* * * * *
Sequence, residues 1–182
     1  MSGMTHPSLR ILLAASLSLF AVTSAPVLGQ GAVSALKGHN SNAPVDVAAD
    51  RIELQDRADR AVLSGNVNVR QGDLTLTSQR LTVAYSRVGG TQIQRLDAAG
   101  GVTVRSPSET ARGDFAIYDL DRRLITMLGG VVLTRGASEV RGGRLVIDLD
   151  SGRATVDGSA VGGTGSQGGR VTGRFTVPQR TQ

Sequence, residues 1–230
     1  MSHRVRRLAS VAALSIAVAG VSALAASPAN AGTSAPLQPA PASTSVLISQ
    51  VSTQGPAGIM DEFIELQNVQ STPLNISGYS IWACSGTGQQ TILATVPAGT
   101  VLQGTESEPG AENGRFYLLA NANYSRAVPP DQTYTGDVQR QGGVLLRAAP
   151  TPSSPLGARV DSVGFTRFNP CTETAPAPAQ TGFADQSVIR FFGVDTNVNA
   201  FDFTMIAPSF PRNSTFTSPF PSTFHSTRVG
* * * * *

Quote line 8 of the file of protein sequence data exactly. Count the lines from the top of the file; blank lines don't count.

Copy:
    51  VSTQGPAGIM DEFIELQNVQ STPLNISGYS IWACSGTGQQ TILATVPAGT